Return to Kansai

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Japan Airlines resumes direct service between L.A. and Osaka in March.

Mary Halloran, assistant director at the Japan National Tourism Organization in Los Angeles, speaks during an event held to announce the return of Japan Air Lines’ direct service between L.A. and Osaka. The luncheon at Yamashiro Restaurant in Hollywood also introduced a host of new amenities on JAL flights. (MIKEY HIRANO CULROSS/Rafu Shimpo)

Mary Halloran, assistant director at the Japan National Tourism Organization in Los Angeles, speaks during an event held to announce the return of Japan Air Lines’ direct service between L.A. and Osaka. The luncheon at Yamashiro Restaurant in Hollywood also introduced a host of new amenities on JAL flights. (MIKEY HIRANO CULROSS/Rafu Shimpo)

By MIKEY HIRANO CULROSS, Rafu Travel & Life Editor

Hirokazu Kurihara couldn’t wait to make the announcement official on Thursday, rushing to the lectern when his name was called.

“It’s been a long time,” he said, trying to hold back a grin. “Too long, but we are returning.”

Kurihara, vice-president and regional manager of Japan Airlines’ Southwest Region, was one of the primary speakers at a luncheon at Yamashiro restaurant in Hollywood, to announce the return of JAL’s direct service between Los Angeles and Osaka.

It’s been more than eight years since then-financially troubled JAL discontinued its non-stop flights to and from the Kanai region of central Japan. With its resumption, the convenient gateway to some of the country’s most popular destinations – including the historic cities of Kyoto and Nara, and L.A. sister city Nagoya – is again available.

The new Boeing 787 Dreamliner. (JAL photo)

The new Boeing 787 Dreamliner. (JAL photo)

“Osaka is Japan’s second-largest city, and we want visitors to feel the energy of the Kansai people,” Kurihara said.

The midday event was put together by JAL and the Japan National Tourism Organization, whose L.A. office is in the heart of Little Tokyo.

JNTO Director Yasuyuki Harada called JAL the “Wings of Japan” and cited a 30 percent increase of foreign visitors to the country over the past year.

“Japan is experiencing an increasing amount of attention because of the Olympics that will be coming in 2020,” Harada explained. “We also want to introduce visitors to the wonders of Japan outside of Tokyo.”

Officials at the gathering estimated that 37,000 passengers annually will make use of the service between L.A. and Kansai International Airport. They also reported that some 900,000 U.S. visitors traveled to Japan in 2014, the most ever.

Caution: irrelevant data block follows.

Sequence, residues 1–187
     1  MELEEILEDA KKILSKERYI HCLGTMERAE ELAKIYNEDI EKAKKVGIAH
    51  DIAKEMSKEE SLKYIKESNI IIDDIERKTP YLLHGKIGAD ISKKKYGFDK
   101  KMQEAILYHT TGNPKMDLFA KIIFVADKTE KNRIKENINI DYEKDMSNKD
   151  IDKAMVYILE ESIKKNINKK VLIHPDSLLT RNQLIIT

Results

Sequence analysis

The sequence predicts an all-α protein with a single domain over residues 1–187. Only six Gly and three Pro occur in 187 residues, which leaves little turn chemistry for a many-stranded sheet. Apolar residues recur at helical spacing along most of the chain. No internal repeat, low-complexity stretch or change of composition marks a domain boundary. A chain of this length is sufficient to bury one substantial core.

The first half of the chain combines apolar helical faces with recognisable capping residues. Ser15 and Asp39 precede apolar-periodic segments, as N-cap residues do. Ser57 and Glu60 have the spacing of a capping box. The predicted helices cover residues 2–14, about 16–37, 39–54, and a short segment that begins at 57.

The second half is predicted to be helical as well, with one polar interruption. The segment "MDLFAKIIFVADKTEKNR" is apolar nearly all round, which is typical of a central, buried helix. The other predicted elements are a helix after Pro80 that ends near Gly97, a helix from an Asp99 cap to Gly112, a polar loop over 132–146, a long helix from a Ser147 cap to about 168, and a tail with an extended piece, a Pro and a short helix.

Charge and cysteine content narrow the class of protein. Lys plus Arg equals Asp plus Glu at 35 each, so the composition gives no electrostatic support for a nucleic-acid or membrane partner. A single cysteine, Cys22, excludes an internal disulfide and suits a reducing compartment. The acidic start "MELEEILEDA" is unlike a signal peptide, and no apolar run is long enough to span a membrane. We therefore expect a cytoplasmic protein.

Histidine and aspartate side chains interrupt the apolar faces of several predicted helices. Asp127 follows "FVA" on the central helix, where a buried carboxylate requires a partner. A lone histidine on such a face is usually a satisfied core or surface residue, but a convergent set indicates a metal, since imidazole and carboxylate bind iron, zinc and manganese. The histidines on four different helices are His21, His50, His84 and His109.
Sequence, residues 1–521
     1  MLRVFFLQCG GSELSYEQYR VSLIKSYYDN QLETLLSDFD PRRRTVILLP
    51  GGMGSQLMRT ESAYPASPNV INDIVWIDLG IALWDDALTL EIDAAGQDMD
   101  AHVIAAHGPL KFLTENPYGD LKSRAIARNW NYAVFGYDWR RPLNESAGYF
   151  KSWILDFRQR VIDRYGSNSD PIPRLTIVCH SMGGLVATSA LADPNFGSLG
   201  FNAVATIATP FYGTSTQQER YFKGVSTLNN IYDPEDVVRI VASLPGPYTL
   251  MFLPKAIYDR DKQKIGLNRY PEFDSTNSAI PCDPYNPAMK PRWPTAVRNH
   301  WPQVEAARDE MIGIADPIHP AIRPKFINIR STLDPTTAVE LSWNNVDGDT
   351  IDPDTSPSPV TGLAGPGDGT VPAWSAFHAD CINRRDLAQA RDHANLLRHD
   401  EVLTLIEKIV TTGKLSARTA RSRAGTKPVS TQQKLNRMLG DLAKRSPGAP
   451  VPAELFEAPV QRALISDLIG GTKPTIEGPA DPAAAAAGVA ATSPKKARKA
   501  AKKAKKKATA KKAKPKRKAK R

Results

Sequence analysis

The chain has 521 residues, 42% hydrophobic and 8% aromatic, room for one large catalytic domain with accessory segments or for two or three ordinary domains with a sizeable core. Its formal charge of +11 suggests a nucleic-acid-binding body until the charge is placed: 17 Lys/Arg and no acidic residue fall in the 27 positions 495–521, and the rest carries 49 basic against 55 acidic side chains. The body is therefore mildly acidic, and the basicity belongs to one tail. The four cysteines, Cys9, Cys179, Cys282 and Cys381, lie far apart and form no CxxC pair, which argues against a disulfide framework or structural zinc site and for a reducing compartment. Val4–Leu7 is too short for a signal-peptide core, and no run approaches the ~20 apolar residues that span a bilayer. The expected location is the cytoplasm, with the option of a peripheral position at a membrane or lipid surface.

JAL Director of Southwest Passenger Sales Yukie Morinaga cited the airline’s rating as the number one carrier for on-time performance worldwide in 2012 and 2013. Ratings for 2014 have not yet been released.

“We want to be number one in customer satisfaction in the world, and we are working 24/7 to make this happen,” Morinaga said.

The L.A.-to-Kansai route will utilize the new Boeing 787 “Dreamliner,” the ultra-modern jumbo jet that was grounded for several months in 2013 due to overheating concerns over its lithium-ion batteries.

The 787 has been highly sought by carriers due to its efficient design and its greatly reduced consumption of fuel. On the JAL flights, the 787’s Economy Class cabin has been configured with a 2-4-2 seating pattern, one seat fewer than most other airlines. The two aisles are now nearer to all seats, allowing for easier access.

The airline also announced several new in-flight amenities, including a library of manga comic books in Japanese and English, as well as star chef-created menus, designer amenity kits in Business Class and its Magic-V entertainment system.

For more information, visit www.ar.jal.com. For Japan tourism information, visit the JNTO website, www.japantravelinfo.com.

a view of the reclining, multimedia seats in JAL’s Business Class on the new Boeing 787 Dreamliner.

A view of the reclining, multimedia seats in JAL’s Business Class on the Dreamliner.

 

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